No wonder they ran — a good quick pace — afraid and yet filled with joy. What on earth would the disciples think when these women appeared, sweaty, hysterical, and wild?
I suspect if they’d not been scared out of their wits they might have thought better about showing up where the fishermen were hiding. Or at least they would have cooked up a plan about the empty grave. Instead, they just ran. Wildly.
Until Jesus appeared. Suddenly. He met them with a simple, “Greetings” (Matthew 28:9). There they confronted the walking dead-alive man, touched his feet and worshiped him. They recognized his authority. They heard his voice. They experienced his compassion.
They knew that what the creature had said was true: Jesus — whom they’d watched die — was somehow alive.
These heart-broken women, astounded with the first glimpses of the Resurrected Son of God, offer us much for the relative times in which we live. First, they approached the tomb as disillusioned, marginalized second-class citizens; they left fearful yet exuberant messengers with a purpose. They thought they were going to fulfill an age-old burial ritual, and instead received a brand new mission. They confronted the reality of God’s presence, were startled by the comfort he offered for their despair, and were immediately sent to tell others that it was as he said it would be. They encountered both an angel and a living Jesus, and in the process an entirely new reality.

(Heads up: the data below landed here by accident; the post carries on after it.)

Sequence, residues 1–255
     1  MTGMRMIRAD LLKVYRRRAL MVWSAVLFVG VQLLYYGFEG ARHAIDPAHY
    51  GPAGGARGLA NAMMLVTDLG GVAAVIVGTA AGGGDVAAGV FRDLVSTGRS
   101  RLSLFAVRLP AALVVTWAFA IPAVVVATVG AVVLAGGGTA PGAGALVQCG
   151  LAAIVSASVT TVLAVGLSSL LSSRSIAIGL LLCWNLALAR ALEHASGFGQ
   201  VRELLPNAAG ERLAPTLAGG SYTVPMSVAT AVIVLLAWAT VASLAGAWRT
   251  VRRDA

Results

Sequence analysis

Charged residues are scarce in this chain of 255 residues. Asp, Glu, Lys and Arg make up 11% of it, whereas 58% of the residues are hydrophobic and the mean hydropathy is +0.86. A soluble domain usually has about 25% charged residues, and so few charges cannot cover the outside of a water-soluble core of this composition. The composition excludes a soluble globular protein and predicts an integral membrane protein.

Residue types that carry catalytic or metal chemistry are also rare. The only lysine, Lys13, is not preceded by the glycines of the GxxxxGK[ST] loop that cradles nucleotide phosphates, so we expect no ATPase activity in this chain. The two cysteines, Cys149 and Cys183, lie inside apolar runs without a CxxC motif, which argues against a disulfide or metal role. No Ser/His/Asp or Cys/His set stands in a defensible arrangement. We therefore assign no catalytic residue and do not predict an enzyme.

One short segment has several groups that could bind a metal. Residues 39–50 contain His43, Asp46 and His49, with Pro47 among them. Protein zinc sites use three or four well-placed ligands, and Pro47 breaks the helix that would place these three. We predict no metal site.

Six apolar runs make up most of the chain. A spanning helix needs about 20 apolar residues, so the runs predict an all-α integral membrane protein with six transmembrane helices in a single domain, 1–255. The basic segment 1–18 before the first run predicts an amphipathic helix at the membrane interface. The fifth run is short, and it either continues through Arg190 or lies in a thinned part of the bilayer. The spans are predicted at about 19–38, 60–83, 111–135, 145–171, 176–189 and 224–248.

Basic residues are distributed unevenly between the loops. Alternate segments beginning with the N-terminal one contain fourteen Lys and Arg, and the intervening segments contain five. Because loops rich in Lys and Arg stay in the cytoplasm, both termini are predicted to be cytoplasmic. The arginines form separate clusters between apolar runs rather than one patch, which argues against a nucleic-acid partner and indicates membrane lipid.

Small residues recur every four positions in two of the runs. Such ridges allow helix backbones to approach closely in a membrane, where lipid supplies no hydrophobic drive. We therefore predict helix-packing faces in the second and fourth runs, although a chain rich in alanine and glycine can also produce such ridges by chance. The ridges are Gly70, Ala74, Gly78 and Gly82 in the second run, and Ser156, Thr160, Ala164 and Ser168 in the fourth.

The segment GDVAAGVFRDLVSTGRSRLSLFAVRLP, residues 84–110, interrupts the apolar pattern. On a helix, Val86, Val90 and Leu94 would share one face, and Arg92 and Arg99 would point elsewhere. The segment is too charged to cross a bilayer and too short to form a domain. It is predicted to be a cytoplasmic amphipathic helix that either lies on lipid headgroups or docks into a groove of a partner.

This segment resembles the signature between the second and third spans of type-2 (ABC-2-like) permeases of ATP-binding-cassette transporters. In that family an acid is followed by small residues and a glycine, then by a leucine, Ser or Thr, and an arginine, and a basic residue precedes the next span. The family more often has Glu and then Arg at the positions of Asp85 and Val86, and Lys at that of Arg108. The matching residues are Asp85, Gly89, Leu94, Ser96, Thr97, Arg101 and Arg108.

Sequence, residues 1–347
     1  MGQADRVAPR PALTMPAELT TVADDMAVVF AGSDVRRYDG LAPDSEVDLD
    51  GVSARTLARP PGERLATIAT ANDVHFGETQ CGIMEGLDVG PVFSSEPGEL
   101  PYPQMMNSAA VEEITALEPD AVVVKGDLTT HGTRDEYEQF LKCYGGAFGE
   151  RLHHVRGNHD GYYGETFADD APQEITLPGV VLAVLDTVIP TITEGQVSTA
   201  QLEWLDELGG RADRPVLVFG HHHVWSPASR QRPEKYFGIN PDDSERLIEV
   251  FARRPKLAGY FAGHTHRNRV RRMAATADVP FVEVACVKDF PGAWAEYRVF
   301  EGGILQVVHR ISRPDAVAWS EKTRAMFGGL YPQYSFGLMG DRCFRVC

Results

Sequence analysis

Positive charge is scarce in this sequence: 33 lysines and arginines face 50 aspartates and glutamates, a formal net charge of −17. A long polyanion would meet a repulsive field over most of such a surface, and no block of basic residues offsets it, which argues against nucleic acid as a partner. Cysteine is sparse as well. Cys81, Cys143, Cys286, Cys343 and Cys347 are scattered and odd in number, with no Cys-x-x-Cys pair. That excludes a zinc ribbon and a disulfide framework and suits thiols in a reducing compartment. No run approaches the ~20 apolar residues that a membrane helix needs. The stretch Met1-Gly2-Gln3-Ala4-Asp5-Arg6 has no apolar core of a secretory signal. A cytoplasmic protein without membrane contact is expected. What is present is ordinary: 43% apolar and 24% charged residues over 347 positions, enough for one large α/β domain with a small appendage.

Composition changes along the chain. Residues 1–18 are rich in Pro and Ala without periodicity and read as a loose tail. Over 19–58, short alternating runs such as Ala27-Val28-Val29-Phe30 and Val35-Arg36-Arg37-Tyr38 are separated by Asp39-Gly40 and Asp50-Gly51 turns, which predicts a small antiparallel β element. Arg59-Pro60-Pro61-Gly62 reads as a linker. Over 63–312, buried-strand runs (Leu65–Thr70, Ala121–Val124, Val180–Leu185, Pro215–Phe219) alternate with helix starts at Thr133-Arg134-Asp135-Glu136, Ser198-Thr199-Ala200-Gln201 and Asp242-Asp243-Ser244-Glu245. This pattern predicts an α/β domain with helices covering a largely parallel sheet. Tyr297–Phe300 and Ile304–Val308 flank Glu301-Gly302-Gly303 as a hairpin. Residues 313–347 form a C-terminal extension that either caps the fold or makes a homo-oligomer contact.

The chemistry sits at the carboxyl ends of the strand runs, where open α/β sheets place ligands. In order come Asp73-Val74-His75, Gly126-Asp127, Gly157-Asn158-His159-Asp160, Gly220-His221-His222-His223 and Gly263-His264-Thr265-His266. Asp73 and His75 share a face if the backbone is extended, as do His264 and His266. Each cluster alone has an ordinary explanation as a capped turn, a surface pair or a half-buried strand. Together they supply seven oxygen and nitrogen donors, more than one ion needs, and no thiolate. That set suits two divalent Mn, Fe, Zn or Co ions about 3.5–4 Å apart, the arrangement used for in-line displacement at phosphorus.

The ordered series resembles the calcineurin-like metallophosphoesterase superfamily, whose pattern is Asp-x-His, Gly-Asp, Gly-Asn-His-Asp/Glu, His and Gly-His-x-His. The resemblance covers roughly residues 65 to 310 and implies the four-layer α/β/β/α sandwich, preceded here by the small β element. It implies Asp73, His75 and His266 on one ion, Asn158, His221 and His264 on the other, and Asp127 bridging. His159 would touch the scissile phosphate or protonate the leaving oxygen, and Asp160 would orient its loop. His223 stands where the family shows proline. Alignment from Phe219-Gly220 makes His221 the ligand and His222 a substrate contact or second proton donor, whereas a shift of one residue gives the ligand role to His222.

When the angel told them to go, the women turned to run. They’d been willing to tell their friends what the angel had said: Christ has Risen. But all they’d seen at that point was a big rock moved to reveal a vacant tomb. Nonetheless, they took off with the news. Who knows how the disciples would have responded to their report? Would they have thought the women delusional? Maybe someone had stolen the body. Or maybe they would have interpreted the news this way: Jesus — who was dead — was now in the other world. He had already risen into heaven.
Could any of them have expected to see him face to face?
Yet they’d left the angel and as they were on their way to tell their friends about the empty grave, Jesus stopped them. Why? So they could see him with their own eyes? So they could be sure themselves of what in fact they were about to do? What news they were about to convey?
Once they encountered the dead-alive Jesus with their own eyes, touched his feet and heard his words, they were changed for good. Their world was no longer dark with terror; it was alive with the light of hope. They didn’t just have a message to share with their friends; they had a person to introduce to them. Alive from the dead. Victorious over decay. Eternal over mortality.
He was the Person of Eternity. Now in the flesh. Not an idea or a theology or even a new moral order. But a person with moving bones and skin, and a voice that rang gently in their ears. Because he was a new person before them — dead but now alive — they could be too.
This Resurrected Jesus visited a handful of desperate women 2,000 years ago at a garden where corpses decayed. Why? To show them his eternal reality, and then to send them off together with a new identity and purpose. He did the same with his disciples, who in turn, told the early church members, who then told others throughout the world until the news reached even those of us reading this now. And that made a difference for eternity.
“Unlikely Witnesses” is excerpted from Jo’s book, A Desperate Faith: Lessons on Hope from the Resurrection (Baker Books: 2010). It is available from a large bookseller or support your local independent bookstore by ordering Jo’s books through them.